Two Days Before the Day After Tomorrow

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"Two Days Before the Day After Tomorrow"
South Park episode
908 high water.jpg
The people of Beaverton stuck on their roofs
Episode no. Season 9
Episode 8
Directed by Trey Parker
Written by Trey Parker
Kenny Hotz
Production code 908
Original air date October 19, 2005
Episode chronology
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South Park (season 9)
List of South Park episodes

"Two Days Before the Day After Tomorrow" is the eighth episode of the ninth season of the American animated television series South Park. It originally aired on Comedy Central in the United States on October 19, 2005.[1] In the episode, Stan and Cartman accidentally destroy a dam, causing the town of Beaverton to be destroyed.

The episode was co-written by series co-creator Trey Parker and Kenny Hotz and is rated TV-MA L in the United States, except on syndicated broadcasts where it is rated TV-14 when airing in reruns on Comedy Central before 9PM Eastern Time. It parodies the film The Day After Tomorrow, and also general responses to Hurricane Katrina, particularly the various ad hoc explanations for the increased level of suffering from the hurricane and its aftermath.[1]

Plot[edit]

Stan and Cartman are playing in a boat that Cartman claims is his uncle's when Cartman dares Stan to drive the boat, claiming he will take the blame if trouble arises. However, as Stan does not know how to drive a boat, they crash into the world's largest beaver dam, flooding the town of Beaverton. Cartman revealed that the boat Stan crashed wasn't his uncle's boat; it was the boat that Cartman knew. Stan and Cartman try to hide their involvement by maintaining complete silence about the incident.

Meanwhile, the flood has a worse outcome than Stan expected. The people of Beaverton are in a disaster area, with some of the town stuck on their roofs. The media begins reporting horrific scenes of violence and even cannibalism in the city (they soon admit not witnessing anything, but are reporting it anyway). Furthermore, their statistics of deaths are in the hundreds of millions despite a population of 8,000 in the town. Nobody really tries to help the situation, but would rather figure out who to blame (George W. Bush, terrorists, FEMA, etc.). The scientists, namely Randy Marsh, are called in to examine the phenomenon. At a conference at the Governor's office with top Colorado scientists and government officials, they all declare that the disaster is the result of global warming. At first, it is determined the full effects will take place on The Day After Tomorrow. However, some scientists suddenly burst in and state that it has been proven that the disaster will take place "Two days 'before' the day after tomorrow" to which Randy responds "Oh my God! That's today!"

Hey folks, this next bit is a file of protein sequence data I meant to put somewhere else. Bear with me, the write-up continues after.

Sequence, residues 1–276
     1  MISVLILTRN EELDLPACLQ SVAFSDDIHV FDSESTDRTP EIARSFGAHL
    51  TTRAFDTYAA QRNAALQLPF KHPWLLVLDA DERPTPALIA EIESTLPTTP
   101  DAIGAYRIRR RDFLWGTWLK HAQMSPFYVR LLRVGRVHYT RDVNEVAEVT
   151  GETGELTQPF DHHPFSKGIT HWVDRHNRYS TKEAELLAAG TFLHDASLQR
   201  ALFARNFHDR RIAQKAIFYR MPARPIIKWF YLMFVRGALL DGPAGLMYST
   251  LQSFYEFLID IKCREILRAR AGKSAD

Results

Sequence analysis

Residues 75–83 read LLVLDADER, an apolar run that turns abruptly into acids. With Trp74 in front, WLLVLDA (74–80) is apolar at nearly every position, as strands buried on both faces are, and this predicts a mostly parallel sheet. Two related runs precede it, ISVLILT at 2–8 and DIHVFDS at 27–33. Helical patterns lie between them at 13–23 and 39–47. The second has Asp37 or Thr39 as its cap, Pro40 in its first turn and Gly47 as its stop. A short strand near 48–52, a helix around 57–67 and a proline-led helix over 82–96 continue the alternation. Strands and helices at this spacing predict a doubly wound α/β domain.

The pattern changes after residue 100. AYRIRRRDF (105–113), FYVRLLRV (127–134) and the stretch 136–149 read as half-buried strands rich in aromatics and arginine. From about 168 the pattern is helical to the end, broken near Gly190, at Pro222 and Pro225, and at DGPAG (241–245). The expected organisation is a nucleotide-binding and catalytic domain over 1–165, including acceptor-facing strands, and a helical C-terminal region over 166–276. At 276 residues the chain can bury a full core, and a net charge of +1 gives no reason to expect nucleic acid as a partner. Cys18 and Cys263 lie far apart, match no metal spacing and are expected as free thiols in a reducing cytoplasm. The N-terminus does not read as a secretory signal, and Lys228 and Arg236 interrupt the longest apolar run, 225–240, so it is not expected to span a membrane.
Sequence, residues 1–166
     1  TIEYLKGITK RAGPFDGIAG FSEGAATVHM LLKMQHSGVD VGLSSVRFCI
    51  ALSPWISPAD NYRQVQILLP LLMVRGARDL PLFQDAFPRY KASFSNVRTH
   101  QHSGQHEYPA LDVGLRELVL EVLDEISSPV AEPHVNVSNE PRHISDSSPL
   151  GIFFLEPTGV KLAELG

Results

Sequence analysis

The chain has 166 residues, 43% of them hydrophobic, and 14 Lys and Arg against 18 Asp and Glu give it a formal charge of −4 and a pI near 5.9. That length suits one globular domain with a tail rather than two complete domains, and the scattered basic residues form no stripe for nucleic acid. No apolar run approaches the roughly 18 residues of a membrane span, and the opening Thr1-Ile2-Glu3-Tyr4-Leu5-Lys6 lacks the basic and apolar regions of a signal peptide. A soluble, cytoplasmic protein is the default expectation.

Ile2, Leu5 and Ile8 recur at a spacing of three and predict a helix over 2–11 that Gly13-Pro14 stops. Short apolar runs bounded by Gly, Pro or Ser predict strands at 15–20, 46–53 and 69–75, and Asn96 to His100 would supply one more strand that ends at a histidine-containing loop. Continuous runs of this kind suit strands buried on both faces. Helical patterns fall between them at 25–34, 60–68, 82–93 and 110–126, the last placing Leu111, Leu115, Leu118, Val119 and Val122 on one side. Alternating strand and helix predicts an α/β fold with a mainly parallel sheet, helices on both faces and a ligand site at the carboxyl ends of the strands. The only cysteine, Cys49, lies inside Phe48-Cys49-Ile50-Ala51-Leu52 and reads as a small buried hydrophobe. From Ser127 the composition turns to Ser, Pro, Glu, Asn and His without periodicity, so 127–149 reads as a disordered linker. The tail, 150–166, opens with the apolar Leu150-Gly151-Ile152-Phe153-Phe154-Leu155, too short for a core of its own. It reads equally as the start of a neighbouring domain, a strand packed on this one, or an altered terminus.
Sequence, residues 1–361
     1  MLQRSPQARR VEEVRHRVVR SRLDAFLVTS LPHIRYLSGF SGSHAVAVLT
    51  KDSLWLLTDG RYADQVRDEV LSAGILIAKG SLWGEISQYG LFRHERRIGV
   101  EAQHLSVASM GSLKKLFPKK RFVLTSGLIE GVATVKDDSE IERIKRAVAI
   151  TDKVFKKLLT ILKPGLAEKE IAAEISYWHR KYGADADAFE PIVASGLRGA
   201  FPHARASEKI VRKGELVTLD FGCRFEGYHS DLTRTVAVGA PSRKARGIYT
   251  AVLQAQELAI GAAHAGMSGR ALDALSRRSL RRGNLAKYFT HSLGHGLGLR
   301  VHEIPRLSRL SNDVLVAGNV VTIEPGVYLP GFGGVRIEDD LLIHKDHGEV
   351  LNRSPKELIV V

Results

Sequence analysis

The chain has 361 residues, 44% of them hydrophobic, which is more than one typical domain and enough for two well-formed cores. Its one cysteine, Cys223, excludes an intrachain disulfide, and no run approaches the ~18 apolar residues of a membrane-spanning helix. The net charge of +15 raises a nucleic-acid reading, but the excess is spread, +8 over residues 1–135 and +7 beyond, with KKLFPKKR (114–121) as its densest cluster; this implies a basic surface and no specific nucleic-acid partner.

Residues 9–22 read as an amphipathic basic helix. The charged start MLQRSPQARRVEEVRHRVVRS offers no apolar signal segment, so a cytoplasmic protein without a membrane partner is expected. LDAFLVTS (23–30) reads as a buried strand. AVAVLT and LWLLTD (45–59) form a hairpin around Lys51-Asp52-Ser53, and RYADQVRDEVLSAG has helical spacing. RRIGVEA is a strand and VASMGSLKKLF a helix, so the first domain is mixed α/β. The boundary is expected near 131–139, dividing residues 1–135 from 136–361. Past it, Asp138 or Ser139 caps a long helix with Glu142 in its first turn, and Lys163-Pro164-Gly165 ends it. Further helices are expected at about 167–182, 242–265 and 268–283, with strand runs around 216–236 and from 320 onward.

The declaration of the scientists causes mass hysteria, and everybody runs from "global warming". Most of the South Park people crowd in the community center. Randy persistently states that global warming is causing an ice age outside that would kill them if they left. Randy also says that the temperature outside will fall to over 70 million degrees below zero (which is impossible). Meanwhile, a reporter declares that 600 billion people have died in Chicago. Although this is false due to the Earths population being only about 7 billion people and there are only about three million people living in Chicago.

Stan admits to Kyle that he and Cartman were the cause of the Beaverton flood (although Stan takes most of the blame), despite Cartman's earlier warning that Kyle would "Jew him out". The trio then set off to rescue the people by boat. The attempt is a disaster in itself, as they wind up crashing into an oil refinery, compounding the problems of the stranded people who now must deal with drowning and fire. Meanwhile, Randy, Gerald, and Stephen brave the supposed ice age to find their sons, dressed in arctic weather gear despite the mild weather; they end up collapsing in the street due to heat exhaustion and dehydration (which they believe to be warning signs of hypothermia).